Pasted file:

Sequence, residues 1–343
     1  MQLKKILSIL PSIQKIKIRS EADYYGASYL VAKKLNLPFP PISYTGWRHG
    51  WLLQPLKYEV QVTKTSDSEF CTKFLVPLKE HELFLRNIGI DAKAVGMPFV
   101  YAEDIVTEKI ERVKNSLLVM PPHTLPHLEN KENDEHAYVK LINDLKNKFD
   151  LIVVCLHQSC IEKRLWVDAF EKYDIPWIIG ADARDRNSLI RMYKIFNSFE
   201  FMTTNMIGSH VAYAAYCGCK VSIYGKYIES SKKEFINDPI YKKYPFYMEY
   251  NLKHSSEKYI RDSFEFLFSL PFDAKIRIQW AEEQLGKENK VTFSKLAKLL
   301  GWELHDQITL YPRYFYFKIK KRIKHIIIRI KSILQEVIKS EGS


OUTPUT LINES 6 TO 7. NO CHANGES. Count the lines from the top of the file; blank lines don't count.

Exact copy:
   201  FMTTNMIGSH VAYAAYCGCK VSIYGKYIES SKKEFINDPI YKKYPFYMEY
   251  NLKHSSEKYI RDSFEFLFSL PFDAKIRIQW AEEQLGKENK VTFSKLAKLL